Come out with pride, Mumbai
Amidst reports of a gradual shrinking of cultural, liberal and intellectual space where books, writers, movies and intellectuals are slowly being silenced, either through straight out violence or more covert means, Mumbai’s gay pride march has got the green signal yet again
Amidst reports of a gradual shrinking of cultural, liberal and intellectual space where books, writers, movies and intellectuals are slowly being silenced, either through straight out violence or more covert means, Mumbai’s gay pride march has got the green signal yet again. The march is slated to be held today afternoon. It begins as usual from August Kranti Maidan, near Gowalia Tank winding its way to Opera House and returning to the start point.
This march, symbolic though it may be, is becoming a part of Mumbai’s ethos. The Pride Walk of Mumbai may be tepid in comparison to some countries in the West, where floats, commercial business and dykes on bikes are all part of the pomp and pageantry in Pride Week, where bodies and sexuality become as much a display, as a statement of defiance. While Mumbai may still be a long way away from a statement of this magnitude, it is important that the event does occupy pride (pun intended) of place in the cultural calendar.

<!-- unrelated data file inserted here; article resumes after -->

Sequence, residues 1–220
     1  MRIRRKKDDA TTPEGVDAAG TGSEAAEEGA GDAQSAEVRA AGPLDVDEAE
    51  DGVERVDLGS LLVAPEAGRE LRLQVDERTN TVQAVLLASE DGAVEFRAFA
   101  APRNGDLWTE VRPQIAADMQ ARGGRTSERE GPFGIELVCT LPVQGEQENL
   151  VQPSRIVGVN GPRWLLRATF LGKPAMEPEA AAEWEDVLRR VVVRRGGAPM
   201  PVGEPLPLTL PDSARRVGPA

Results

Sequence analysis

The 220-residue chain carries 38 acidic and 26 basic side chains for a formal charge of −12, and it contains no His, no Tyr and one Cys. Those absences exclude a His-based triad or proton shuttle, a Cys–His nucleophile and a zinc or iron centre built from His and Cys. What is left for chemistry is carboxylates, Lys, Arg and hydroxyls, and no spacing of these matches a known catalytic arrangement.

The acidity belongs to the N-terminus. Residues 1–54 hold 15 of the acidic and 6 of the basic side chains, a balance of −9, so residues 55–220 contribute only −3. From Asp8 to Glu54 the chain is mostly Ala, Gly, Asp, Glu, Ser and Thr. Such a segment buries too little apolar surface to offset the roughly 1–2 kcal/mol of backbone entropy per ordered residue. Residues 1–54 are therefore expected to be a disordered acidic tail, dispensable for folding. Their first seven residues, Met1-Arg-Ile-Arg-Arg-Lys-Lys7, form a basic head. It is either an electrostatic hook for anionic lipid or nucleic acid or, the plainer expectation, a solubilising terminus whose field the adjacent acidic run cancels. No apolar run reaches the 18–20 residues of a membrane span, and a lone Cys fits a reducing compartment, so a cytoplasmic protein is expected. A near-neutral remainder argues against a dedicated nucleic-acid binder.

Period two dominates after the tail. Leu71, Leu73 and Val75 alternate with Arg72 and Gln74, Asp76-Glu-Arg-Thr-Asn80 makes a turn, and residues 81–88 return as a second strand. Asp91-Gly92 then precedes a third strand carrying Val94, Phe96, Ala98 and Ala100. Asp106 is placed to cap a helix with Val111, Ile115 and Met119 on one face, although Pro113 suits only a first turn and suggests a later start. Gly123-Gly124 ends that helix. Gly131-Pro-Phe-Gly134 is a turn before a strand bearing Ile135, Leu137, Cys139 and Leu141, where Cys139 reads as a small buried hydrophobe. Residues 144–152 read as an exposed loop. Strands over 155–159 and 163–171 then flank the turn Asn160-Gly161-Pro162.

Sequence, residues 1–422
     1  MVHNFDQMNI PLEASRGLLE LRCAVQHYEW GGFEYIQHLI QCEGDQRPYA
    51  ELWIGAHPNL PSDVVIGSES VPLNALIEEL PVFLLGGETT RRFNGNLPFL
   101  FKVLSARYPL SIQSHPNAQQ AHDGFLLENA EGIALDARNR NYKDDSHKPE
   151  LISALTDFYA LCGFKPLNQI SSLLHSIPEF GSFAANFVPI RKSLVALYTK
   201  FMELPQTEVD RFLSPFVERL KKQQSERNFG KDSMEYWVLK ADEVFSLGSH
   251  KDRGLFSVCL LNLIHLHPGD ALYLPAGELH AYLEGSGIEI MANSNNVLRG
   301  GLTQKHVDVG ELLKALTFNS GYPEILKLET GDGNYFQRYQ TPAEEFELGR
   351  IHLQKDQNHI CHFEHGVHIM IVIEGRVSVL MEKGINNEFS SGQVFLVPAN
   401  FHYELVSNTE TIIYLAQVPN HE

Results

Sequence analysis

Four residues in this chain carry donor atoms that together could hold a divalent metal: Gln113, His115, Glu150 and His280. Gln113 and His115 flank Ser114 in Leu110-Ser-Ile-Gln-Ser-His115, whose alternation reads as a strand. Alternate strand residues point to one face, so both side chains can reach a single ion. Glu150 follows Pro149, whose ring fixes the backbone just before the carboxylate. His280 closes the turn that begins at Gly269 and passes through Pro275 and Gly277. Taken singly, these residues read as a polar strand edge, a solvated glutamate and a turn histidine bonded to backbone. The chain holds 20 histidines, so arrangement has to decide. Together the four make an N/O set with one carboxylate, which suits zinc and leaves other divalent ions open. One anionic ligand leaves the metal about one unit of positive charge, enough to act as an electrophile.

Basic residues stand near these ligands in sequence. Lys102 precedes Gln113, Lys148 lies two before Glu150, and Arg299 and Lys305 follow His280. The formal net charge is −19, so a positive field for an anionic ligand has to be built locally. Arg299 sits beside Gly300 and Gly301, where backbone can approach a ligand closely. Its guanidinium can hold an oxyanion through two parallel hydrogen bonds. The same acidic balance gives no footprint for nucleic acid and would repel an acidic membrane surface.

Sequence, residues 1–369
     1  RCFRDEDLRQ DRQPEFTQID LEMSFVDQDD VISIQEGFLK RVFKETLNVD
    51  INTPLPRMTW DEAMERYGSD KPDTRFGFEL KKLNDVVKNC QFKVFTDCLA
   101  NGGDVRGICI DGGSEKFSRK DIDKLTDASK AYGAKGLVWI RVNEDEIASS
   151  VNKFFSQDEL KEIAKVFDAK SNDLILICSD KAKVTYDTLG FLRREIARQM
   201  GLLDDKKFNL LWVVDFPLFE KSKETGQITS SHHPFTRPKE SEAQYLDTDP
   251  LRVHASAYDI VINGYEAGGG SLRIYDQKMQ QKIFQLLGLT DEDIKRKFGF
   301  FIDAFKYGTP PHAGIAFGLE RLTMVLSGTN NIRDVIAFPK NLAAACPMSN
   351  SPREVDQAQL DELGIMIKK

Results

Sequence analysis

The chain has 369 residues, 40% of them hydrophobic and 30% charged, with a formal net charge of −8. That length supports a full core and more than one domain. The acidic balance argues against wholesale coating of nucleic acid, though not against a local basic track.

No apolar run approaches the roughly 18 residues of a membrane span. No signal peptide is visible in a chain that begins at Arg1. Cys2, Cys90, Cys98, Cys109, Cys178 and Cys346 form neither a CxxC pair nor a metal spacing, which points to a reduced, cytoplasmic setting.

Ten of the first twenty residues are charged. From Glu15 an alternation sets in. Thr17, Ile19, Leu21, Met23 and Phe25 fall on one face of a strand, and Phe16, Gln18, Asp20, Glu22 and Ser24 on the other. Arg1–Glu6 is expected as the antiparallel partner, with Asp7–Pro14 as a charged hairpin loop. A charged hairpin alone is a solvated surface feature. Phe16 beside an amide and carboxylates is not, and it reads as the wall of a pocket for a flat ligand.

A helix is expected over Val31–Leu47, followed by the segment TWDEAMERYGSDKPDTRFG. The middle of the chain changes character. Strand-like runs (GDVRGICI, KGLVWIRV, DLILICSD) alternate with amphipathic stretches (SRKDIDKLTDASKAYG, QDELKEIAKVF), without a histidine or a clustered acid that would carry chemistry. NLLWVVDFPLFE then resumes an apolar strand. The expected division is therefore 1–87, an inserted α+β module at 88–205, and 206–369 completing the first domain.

India’s supposedly most cosmopolitan, liberal of cities putting the brakes on a march that serves to help the community take up mainstream spaces, would be a huge blow to its reputation. While the Pride March had a huge novelty value when it started off in 2008, and some of that has worn off as the years progressed, it is still a huge, mobile forum for gay visibility. It is a reminder that it will still take time to blur the so-called lines between gay and mainstream. Gays must not now be confined to different spaces or a world different from the rest. What better way to illustrate that than a walk on the streets of the city? Today too, there is a nudge-nudge-wink-wink attitude by certain commercial establishments when asked to stock gay literature or hold gay events. While the ‘pink rupee’ as they call it is welcome, it is still more convenient not to acknowledge it at all.
Constant reinforcement is the only way demarcations between what spaces gay and the mainstream inhabit can disappear. Awareness and acceptance, a real sense of belonging is not just in the mind but in physical spaces too.